Stadium authority to take on more debt $4.6 million in bonds puts agency back at limit

November 26, 1997|By Jon Morgan | Jon Morgan,SUN STAFF

The Maryland Stadium Authority, moving to take advantage of low interest rates and its need for money to build the Ravens stadium, is preparing to sell another $4.6 million in bonds.

The new debt, backed by stadium revenue and the state's sports lottery, will take the stadium authority back up to its statutory limit of $235 million in outstanding debt, a limit set in 1987. The state agency had hit that limit last year with issuance of football stadium bonds, but payments of interest and principal had whittled the outstanding debt by nearly $5 million.

The stadium authority approved the documents for the new bond issue on Monday and will send it to the Board of Public Works for final approval.

Included in the documents is a plan of financing revised to take into account the football stadium's cost overruns. The stadium, initially estimated to cost $200 million, is projected to come in at $220 million.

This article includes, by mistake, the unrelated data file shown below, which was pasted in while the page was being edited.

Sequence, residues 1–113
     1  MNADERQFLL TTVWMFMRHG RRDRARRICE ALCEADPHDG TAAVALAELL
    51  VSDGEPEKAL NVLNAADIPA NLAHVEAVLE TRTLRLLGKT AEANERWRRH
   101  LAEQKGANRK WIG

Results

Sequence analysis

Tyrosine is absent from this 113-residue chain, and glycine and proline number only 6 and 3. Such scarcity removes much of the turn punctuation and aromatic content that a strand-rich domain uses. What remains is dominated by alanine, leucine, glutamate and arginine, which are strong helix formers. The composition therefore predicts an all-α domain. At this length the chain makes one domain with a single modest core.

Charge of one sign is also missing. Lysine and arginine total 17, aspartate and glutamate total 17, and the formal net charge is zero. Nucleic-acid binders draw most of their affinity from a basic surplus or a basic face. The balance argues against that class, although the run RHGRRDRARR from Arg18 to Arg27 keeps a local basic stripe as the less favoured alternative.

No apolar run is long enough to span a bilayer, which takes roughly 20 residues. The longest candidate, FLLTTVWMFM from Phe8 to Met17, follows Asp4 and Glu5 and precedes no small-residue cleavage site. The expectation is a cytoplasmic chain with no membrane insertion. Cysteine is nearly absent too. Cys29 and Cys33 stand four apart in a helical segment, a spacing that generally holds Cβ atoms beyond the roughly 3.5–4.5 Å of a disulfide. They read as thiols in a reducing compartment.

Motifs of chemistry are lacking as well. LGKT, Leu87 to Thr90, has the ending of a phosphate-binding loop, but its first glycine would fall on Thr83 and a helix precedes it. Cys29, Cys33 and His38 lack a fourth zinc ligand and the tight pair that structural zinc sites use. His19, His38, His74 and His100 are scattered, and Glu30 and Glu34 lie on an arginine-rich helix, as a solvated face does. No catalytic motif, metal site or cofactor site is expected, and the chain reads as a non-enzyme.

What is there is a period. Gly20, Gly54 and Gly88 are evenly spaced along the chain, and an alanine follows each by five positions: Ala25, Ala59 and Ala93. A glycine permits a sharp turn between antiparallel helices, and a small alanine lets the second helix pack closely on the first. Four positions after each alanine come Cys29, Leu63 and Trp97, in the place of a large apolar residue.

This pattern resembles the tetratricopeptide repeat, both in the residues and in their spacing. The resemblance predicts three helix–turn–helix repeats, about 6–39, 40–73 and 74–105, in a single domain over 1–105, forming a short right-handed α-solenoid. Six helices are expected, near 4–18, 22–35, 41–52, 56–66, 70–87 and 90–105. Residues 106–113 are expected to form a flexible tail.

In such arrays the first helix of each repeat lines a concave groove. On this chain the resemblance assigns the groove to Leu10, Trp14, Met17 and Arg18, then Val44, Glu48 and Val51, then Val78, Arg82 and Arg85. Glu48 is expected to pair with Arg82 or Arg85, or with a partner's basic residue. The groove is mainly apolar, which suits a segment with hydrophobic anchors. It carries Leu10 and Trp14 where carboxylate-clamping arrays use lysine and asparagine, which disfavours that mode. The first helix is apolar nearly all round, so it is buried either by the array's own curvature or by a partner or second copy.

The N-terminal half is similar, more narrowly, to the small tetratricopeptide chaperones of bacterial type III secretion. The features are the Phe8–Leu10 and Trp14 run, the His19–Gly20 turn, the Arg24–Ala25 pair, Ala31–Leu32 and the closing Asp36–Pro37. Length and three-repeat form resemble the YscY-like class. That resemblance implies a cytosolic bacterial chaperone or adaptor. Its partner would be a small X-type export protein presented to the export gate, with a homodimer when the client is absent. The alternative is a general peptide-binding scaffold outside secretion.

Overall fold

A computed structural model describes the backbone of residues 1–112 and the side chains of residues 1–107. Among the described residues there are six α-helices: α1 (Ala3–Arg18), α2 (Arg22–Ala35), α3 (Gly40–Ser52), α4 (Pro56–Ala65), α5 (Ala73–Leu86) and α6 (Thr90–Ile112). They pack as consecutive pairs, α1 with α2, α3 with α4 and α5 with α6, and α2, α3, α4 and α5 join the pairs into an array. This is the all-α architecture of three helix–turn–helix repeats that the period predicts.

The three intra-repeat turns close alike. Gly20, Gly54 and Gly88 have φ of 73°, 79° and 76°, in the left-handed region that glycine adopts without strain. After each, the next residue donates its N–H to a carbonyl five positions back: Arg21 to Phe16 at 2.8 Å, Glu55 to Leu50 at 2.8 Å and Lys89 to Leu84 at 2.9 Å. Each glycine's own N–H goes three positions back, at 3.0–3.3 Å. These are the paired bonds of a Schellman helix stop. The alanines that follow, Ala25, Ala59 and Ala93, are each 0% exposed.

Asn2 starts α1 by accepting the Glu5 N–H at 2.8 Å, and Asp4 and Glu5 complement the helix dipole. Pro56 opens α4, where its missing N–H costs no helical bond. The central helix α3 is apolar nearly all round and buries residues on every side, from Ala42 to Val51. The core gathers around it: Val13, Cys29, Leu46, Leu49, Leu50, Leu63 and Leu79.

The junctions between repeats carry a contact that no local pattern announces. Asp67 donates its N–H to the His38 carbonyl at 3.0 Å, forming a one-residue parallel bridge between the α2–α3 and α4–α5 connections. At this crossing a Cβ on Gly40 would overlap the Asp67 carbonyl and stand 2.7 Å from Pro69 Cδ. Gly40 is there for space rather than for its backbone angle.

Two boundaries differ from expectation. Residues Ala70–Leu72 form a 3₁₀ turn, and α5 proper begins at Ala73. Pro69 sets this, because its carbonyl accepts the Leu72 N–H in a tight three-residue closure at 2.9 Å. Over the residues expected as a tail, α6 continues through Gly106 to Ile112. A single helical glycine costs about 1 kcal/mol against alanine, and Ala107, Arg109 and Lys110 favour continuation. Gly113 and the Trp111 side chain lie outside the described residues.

The additional $20 million was raised by selling to the Ravens the naming rights to the stadium for $10 million and convincing the team to accelerate payment of contributions demanded by the General Assembly.

Lawmakers demanded $24 million from the team, but did not specify terms. The team and stadium authority agreed on a 30-year schedule of equal payments, worth, in current dollars, a total of about $12 million. The Ravens have agreed to pay $10 million upfront, to help with construction.

The revised financing plan shows that Orioles revenues, because of high attendance and ticket price increases, are running ahead of projections. The team's rent is based on a revenue-sharing formula.

Partly as a result, the state now projects it will need a few million dollars less in annual lottery proceeds beginning in the year 2000.

Pub Date: 11/26/97

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